The Tiger Nine formation team was formed in the summer of 2005 in response to the request for a flypast of nine Tiger Moths at the 25th de Havilland Moth Club rally at Woburn Abbey. Based on a core of former Diamond Nine members, a new team, led by Jeff Milsom, engaged in a series of practice sessions, necessary to achieve the objective of flying the large close formation flypast at Woburn. This was achieved successfully, and was enthusiastically received by the Club, Having risen to the challenge; the newly formed team went on to develop their full display routine for the next season.
The Tiger Moth is rarely the first choice of machine for a formation display, with its sluggish aileron control, low power, poor visibility, lack of brakes and no electric starter, it requires a mature discipline to minimise the risks involved with operating a large group of Tiger Moths simultaneously. There is, however, something very British about doing it the hard way for the sake of it, and having risen to the occasion the newly formed group had a thirst for more. When questioned why they do it, there were a number of different responses all along the line of it being real flying, fun and flying with a group of people where there is great camaraderie.
The simple flypast evolved into the current display, which has been designed to keep the crowd entertained throughout the display. This is the only display in the world to have 9 Tiger Moths in close formation.
An important aspect of the team’s structure is the ability to invite new members and train them to be part of the team.
Potential new members are invited, early in the season, to attend training sessions which concentrate on the basics of close formation. Flown dual initially, in a formation of 2 of 3, these cover joining, keeping position, dismantling the formation, safety and emergencies.
Later in the spring the team meet for the three main practice days, at a private field in rural Wiltshire where they enjoy relatively clear airspace and no circuit traffic. Starting with formations of 3 or 4, to refresh formation flying skills, each practice concludes with a flypast and bomb burst for that section of the larger formation. The first day concludes with all sections flying together in a 9 ship display.
Video recording of the practice formation forms an essential part of the debrief, allowing each pilot to critically analyse his performance, and helps the team Display Authority Examiner to asses the pilots suitability for Display Authority issue and renewal.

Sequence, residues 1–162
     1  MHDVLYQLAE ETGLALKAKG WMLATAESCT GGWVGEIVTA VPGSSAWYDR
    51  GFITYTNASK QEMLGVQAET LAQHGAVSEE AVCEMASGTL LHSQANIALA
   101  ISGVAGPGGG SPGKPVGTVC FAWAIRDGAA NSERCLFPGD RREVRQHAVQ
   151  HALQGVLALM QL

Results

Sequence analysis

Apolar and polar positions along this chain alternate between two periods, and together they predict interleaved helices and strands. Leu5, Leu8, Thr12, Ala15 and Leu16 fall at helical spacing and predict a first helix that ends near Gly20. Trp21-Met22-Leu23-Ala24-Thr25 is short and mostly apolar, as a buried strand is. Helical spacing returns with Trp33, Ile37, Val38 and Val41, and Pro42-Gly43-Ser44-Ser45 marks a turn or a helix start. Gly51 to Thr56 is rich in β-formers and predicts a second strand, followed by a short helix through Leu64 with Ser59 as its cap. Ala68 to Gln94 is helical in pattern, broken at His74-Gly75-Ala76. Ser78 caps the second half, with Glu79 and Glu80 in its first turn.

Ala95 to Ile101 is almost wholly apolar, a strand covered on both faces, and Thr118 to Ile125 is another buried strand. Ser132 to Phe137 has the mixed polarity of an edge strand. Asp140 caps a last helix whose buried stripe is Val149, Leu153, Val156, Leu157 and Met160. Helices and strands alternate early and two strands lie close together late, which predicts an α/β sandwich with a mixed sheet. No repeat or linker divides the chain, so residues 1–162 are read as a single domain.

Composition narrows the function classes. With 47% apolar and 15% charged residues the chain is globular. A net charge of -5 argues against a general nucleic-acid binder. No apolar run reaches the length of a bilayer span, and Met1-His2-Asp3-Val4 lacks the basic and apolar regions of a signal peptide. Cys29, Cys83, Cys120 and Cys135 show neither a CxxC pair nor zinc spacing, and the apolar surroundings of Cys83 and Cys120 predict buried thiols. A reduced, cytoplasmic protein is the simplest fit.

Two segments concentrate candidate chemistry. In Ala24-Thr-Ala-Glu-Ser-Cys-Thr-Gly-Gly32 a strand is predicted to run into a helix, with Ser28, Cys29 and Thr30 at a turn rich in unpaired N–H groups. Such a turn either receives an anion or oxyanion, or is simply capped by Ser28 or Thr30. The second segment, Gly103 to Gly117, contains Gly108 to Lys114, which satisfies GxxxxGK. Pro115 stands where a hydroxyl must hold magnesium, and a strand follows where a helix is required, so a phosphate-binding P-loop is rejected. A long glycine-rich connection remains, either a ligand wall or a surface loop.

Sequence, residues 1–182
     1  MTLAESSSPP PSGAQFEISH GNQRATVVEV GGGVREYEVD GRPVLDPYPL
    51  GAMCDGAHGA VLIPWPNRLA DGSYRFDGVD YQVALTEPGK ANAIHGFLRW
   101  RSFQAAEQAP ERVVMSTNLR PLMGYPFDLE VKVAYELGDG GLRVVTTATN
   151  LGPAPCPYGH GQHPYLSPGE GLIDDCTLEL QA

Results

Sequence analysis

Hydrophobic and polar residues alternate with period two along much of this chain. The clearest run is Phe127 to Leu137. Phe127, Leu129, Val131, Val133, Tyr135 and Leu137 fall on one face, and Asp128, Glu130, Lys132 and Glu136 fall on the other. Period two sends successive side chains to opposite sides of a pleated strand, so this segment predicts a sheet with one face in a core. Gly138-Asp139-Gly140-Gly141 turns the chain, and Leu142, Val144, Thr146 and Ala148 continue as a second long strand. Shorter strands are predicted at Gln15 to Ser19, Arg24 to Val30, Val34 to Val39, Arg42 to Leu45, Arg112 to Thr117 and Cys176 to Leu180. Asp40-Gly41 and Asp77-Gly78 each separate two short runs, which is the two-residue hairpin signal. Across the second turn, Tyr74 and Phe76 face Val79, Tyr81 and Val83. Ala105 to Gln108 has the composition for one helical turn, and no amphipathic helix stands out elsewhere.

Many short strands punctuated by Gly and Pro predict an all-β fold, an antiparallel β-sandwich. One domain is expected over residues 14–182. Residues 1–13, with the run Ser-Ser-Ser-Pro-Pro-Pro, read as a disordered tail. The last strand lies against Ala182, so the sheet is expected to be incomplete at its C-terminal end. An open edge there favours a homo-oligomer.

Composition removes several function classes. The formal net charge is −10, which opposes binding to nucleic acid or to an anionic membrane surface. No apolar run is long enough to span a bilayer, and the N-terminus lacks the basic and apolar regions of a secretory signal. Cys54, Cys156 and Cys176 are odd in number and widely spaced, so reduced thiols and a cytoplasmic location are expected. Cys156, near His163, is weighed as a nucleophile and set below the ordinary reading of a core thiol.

The Team Members
1 Jeff Milsom (G-AHOO Green and Silver)
Leader of the Tiger 9. Former RAF Pilot, flew the F4 Phantom from Leuchars in Scotland. Jeff is a British Airways Airbus Captain.
G-AHOO was restored by Newbury Aeroplane Company in 1999 from a derelict airframe which had not flown since 1952. The aircraft has since won several Concourse awards and is based on a private airfield in Wiltshire.
2 Peter Benest (G-ANEM Yellow and Silver)
Peter is a retired BA captain and owner of Tiger Moth G-ANEM which he keeps at a private strip in southern England. He has been flying since 1961 and flying Tiger Moths since 1993. Peter is an instructor on the Tiger Moth and proud to be able to say that he used to be a member of the BEA flying group.
He flies with the Tiger Nine because it is fun. Interestingly his Tiger Moth was recovered from Ireland before it was renovated. It’s history includes being one of the aeroplanes used in the Blue Max film, painted with German first world war lozenge camouflage.
2.Mike Vaisey (G-APLU Red and White)
Mike originally trained as a Quantity Surveyor, and is one of the founding members, and a managing director of Vintage Engine Technology Ltd.
G-APLU was found in a barn near Redbourn in Hertfordshire in the late 70’s. He restored to fly in 1989 from Hatfield. Mike owns the aeroplane with his business partner.
He was invited to join the Diamond Nine formation team in the 1990’s and enjoyed it immensely but it was a major commitment every weekend. There was the great camaraderie of a team, the satisfaction of keeping in practice with formation skills and having a current DA.
Today the Tiger Nine offers the same team spirit and camaraderie and the necessary skills but with a lower commitment and some new blood. Mike has been a stalwart supporter of the de Havilland Moth Club due to his immense knowledge of the Gipsy engine.
3 Nigel Wookey (G-AXXV Military camouflage)
Nigel is a farmer who farms 1650 acres of wheat, barley, oats and beans with a herd of pigs in Wiltshire. He wanted to learn to fly, and took up lessons in 1992. He completed his PPL on Rollason Condors at Thruxton.